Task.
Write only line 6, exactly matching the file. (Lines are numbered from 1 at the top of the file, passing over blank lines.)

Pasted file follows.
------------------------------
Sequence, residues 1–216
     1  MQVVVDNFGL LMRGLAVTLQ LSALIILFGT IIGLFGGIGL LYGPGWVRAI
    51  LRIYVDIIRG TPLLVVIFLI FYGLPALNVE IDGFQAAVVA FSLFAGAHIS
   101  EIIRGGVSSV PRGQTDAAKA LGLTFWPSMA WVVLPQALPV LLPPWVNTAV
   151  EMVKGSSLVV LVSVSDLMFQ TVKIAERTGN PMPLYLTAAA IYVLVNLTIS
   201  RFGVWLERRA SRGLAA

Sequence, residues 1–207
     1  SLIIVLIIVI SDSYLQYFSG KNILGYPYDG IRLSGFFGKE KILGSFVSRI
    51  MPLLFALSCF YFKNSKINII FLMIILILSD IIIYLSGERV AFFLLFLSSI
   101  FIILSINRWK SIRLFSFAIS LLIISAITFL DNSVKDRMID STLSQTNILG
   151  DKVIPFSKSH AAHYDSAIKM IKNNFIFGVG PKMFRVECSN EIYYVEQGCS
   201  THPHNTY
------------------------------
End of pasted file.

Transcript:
   201  RFGVWLERRA SRGLAA